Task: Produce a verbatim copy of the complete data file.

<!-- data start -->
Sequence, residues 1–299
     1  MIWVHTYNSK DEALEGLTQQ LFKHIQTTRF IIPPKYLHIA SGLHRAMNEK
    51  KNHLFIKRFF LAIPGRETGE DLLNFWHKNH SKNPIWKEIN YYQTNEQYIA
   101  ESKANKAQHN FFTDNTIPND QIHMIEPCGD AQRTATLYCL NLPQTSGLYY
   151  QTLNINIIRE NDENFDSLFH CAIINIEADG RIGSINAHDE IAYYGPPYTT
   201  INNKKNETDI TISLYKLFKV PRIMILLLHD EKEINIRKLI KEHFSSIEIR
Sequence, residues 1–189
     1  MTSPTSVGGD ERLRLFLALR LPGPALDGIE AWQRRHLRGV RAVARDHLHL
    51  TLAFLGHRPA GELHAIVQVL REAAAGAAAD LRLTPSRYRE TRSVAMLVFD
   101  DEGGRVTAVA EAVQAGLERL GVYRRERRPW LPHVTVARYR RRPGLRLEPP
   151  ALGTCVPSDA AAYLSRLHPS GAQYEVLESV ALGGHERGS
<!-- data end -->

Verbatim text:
Sequence, residues 1–299
     1  MIWVHTYNSK DEALEGLTQQ LFKHIQTTRF IIPPKYLHIA SGLHRAMNEK
    51  KNHLFIKRFF LAIPGRETGE DLLNFWHKNH SKNPIWKEIN YYQTNEQYIA
   101  ESKANKAQHN FFTDNTIPND QIHMIEPCGD AQRTATLYCL NLPQTSGLYY
   151  QTLNINIIRE NDENFDSLFH CAIINIEADG RIGSINAHDE IAYYGPPYTT
   201  INNKKNETDI TISLYKLFKV PRIMILLLHD EKEINIRKLI KEHFSSIEIR
Sequence, residues 1–189
     1  MTSPTSVGGD ERLRLFLALR LPGPALDGIE AWQRRHLRGV RAVARDHLHL
    51  TLAFLGHRPA GELHAIVQVL REAAAGAAAD LRLTPSRYRE TRSVAMLVFD
   101  DEGGRVTAVA EAVQAGLERL GVYRRERRPW LPHVTVARYR RRPGLRLEPP
   151  ALGTCVPSDA AAYLSRLHPS GAQYEVLESV ALGGHERGS